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South Fulton Police Department Celebrates Milestones, Growth

Just over a year after its launch, the South Fulton Police Department is celebrating key milestones and significant growth in the size of its force.

When the police department transitioned in late March of 2018 from Fulton County to the City of South Fulton, it was comprised of just 85 sworn officers. To date, the police force has grown by more than 50 percent.

As of March 25, according to Police Chief Meadows, the department was down to its last 16 vacancies with 15 candidates scheduled to go before the hiring board. Aggressive recruiting methods have helped the department to increase its gang unit, narcotics unit and court service section.

An intelligence unit has been created to analyze crime trends under the COMPSTAT methodology. And Chief Meadows has expressed that he will ask the mayor and council for more resources in the FY20 budget.

This week alone, Mayor William “Bill” Edwards swore in four P.O.S.T. (Peace Officer Standards and Training) certified officers: Cpl. R. McCain, Cpl. F. Brown, Cpl. J. Curtis Campbell and Cpl. N. Jarman. These officers will undergo a rigorous field training program in preparation for solo duty.

Six officers were also promoted within the department this week. Cpl. M. Guin, Cpl. P. Dickerson and Cpl. H. Garcia were promoted to the rank of detective. Det. P. Triplett, Cpl. N. Wellington and Cpl. N. Williams became sergeants.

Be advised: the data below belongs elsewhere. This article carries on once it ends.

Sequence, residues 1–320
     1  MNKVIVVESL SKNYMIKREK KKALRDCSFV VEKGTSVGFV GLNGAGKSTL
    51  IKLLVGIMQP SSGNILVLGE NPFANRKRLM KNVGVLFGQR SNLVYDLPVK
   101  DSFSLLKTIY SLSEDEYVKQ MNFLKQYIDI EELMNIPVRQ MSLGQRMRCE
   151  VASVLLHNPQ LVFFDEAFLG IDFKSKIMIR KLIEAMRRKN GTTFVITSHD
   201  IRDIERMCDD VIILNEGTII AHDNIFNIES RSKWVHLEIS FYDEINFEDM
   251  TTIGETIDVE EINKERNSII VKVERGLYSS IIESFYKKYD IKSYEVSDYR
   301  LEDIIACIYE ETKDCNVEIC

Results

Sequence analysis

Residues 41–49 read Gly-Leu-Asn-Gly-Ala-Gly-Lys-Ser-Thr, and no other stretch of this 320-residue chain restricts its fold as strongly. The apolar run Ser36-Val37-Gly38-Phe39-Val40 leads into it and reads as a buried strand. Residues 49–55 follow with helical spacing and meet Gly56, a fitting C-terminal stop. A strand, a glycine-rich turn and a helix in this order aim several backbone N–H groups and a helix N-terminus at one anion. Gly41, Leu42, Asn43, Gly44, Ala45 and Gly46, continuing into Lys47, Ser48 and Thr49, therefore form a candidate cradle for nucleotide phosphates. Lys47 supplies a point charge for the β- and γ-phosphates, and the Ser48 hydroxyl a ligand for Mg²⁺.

Officers are also being recognized under the Gold Dome for their efforts in the community. Capt. Cotton-Tukes was named Police Officer of the Year in a ceremony hosted by State Senator Donzella James.

While there’s a lot to be celebrated, the City of South Fulton still has a ways to go to shake the negative narrative around its crime statistics. Issues of theft plague Walmart shopping centers in the city and auto theft and theft from vehicle incidents continue to drive crime numbers up dramatically. Gang activity is also a serious concern.

Strategies proposed to help make the city safer include a revision of the police department’s beats, which have not been updated since the 1970s, even with the area’s significant growth in population. The city council recently approved funds for Georgia Tech Research Corporation to conduct a beat redesign and feasibility study. The City of Atlanta recently underwent the same process in an effort to reduce police officer response times, balance workloads across geographic areas and deliver a higher quality of service.

Chief Meadows is also working on an app that will leverage citizen input to gather information about suspicious activities. Citizens will be able to upload crime tips and video, as well as see information on E-911 calls, receive code red alerts,  view a police calendar of events and more.

“I was siting down talking with a group of citizens on services that [they] would like to see come into the police department and believe it or not [the app] was one thing that was really at the top of the list,” said Chief Meadows at a recent townhall meeting. 

In addition to his efforts at the municipal level, Chief Meadows is lending his insights to bring about a shift in the region. He’s been named to a panel that has been tasked with presenting much-needed changes in the justice system to Governor Brian Kemp. He hopes the panel’s efforts will help to bring about sweeping changes, particularly in the areas of juvenile crime and how the court handles repeat offenders.  

Photo Credit: South Fulton Police Department

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